What happened when Brooklyn’s oldest nursery school decided to become less old-fashioned? A riot among the one percent.
She said came from a German family of art collectors and tipped generously in cash. But when the months-long hotel bill came due, Anna would find an excuse, then an escape, leaving her friends to pick up the bill.
When some angry white male Kansans got tired of Somali refugees living in their little town in “God’s country,” they did the least God-like thing and decided to blow up their place of worship, to stop Islam’s destruction of America. These are men, mind you, who read Breitbart and believe Sandy Hook was a hoax, and they targeted refugees from crisis zones who now work at meat-packing facilities.
How director Adam McKay, best known for producing a series of “hugely popular bromantic comedies” with Will Ferrell, is making a comedy out of the biggest financial collapse since the Great Depression.
A look at the highly competitive world of laundry startups:
In early October, Washio opened up shop in San Francisco. Not surprisingly, the area around Silicon Valley was already awash in laundry disrupters. In addition to Prim, there was Laundry Locker, along with three other locker-technology-enabled businesses: Sudzee, Drop Locker, and Bizzie Box. There was Sfwash, which offered ecofriendly cleaning on top of pickup and delivery. There was even, briefly, a service called Your Hero Delivery, whose driver-founders dressed like superheroes. (“At the end of the day, did we really want to spend our whole lives schlepping dirty laundry?” one of them told PandoDaily of their decision to fold. “No.”) Another upstart was about to launch: Rinse, whose founders described their business to a Dartmouth alumni newsletter as “an ‘Uber’ for dry cleaning and laundry.”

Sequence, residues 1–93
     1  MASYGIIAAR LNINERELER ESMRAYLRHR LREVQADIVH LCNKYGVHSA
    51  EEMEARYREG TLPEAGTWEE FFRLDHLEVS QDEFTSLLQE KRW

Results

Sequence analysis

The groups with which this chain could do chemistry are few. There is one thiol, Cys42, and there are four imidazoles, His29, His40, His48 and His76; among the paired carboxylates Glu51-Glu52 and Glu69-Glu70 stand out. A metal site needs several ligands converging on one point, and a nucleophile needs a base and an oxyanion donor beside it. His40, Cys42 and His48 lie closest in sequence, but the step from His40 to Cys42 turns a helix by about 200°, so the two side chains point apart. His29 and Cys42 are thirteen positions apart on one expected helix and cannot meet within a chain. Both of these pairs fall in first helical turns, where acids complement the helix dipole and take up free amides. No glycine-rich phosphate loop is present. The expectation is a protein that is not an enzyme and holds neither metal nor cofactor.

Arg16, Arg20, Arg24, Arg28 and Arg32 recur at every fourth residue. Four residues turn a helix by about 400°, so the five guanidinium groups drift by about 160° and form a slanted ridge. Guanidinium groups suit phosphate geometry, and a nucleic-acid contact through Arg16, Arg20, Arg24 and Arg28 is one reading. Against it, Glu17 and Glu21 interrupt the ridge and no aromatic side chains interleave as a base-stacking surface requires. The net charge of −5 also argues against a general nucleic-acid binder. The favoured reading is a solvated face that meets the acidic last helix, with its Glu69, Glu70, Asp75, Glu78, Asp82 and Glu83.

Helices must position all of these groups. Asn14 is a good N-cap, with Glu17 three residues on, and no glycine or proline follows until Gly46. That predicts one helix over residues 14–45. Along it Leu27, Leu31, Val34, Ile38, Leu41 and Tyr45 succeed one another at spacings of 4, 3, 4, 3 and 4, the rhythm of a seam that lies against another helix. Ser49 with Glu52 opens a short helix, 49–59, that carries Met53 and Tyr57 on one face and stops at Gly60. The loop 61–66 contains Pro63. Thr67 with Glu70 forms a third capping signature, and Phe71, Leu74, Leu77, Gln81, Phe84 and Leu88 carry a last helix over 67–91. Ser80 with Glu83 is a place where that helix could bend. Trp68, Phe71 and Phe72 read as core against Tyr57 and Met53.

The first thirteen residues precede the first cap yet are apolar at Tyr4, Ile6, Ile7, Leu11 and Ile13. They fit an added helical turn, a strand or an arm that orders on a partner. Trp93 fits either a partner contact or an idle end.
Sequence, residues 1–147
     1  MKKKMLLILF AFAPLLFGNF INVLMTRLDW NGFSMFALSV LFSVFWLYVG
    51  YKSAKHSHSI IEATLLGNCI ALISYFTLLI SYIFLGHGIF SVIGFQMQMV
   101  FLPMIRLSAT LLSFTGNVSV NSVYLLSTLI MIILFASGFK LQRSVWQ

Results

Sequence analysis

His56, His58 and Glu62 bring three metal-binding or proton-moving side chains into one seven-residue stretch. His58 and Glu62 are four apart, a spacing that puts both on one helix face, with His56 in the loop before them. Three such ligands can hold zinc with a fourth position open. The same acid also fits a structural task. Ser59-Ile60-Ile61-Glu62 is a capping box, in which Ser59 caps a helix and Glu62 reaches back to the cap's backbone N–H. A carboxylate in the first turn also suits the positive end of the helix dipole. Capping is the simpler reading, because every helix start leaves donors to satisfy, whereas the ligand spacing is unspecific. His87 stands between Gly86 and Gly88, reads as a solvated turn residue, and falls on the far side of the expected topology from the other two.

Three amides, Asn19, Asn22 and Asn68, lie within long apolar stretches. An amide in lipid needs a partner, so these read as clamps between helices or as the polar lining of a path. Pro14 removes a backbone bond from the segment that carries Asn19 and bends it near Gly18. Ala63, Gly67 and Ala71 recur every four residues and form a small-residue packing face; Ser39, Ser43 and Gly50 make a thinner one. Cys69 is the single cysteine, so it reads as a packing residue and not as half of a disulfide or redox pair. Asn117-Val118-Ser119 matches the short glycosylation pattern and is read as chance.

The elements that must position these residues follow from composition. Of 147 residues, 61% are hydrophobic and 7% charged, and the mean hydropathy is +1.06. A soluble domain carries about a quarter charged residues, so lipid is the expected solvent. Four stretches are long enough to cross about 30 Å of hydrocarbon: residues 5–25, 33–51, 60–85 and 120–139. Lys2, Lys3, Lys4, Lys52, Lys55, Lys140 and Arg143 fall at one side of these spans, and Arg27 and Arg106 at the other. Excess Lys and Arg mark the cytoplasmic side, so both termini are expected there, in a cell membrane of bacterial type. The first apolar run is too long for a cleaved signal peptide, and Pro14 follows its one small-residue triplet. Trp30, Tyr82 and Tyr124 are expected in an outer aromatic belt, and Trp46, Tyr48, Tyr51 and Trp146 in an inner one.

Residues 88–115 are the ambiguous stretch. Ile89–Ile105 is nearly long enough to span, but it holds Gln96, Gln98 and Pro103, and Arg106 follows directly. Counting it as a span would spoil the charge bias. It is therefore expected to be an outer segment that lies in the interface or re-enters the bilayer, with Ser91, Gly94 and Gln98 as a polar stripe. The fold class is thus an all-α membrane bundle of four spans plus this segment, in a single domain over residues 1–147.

Metzner knew someone in common with the founders of Rinse, so he decided to give its CEO, Ajay Prakash, a call. Just to let him know his company was coming to San Francisco. And so forth. “It was, you know, a perfectly civil conversation,” says Prakash, which may have been what Alan Arkin termed a “business lie.”
A profile of Tim Bergling, a 23-year-old Swede who has risen to fame as a DJ the club scene as Avicii:
“Another black car to another greenroom, another show: The Lights All Night festival is a blur of kids in Fun Fur and neon going, ‘Are you rolling?,’ mesmerizing one another with light-up gloves. Tim has never taken the Drug Formerly Known As Ecstasy, which is sort of odd since MDMA is to EDM what cocaine was to disco. ‘I mean, I want to take it,’ he says the next day, eating a layover hamburger on the way to Vegas. ‘But I’m sort of afraid of anything that makes you feel out of control.’ Even though the kids in Dallas are his age, it’s hard to imagine him among them crowd-surfing in a neon tankini. ‘Yeah, I kind of missed all that,’ he says. ‘Because when I was 18, I couldn’t go out, and then when I could go out…’ he trails off.
“‘He gets mobbed,’ Felix says.”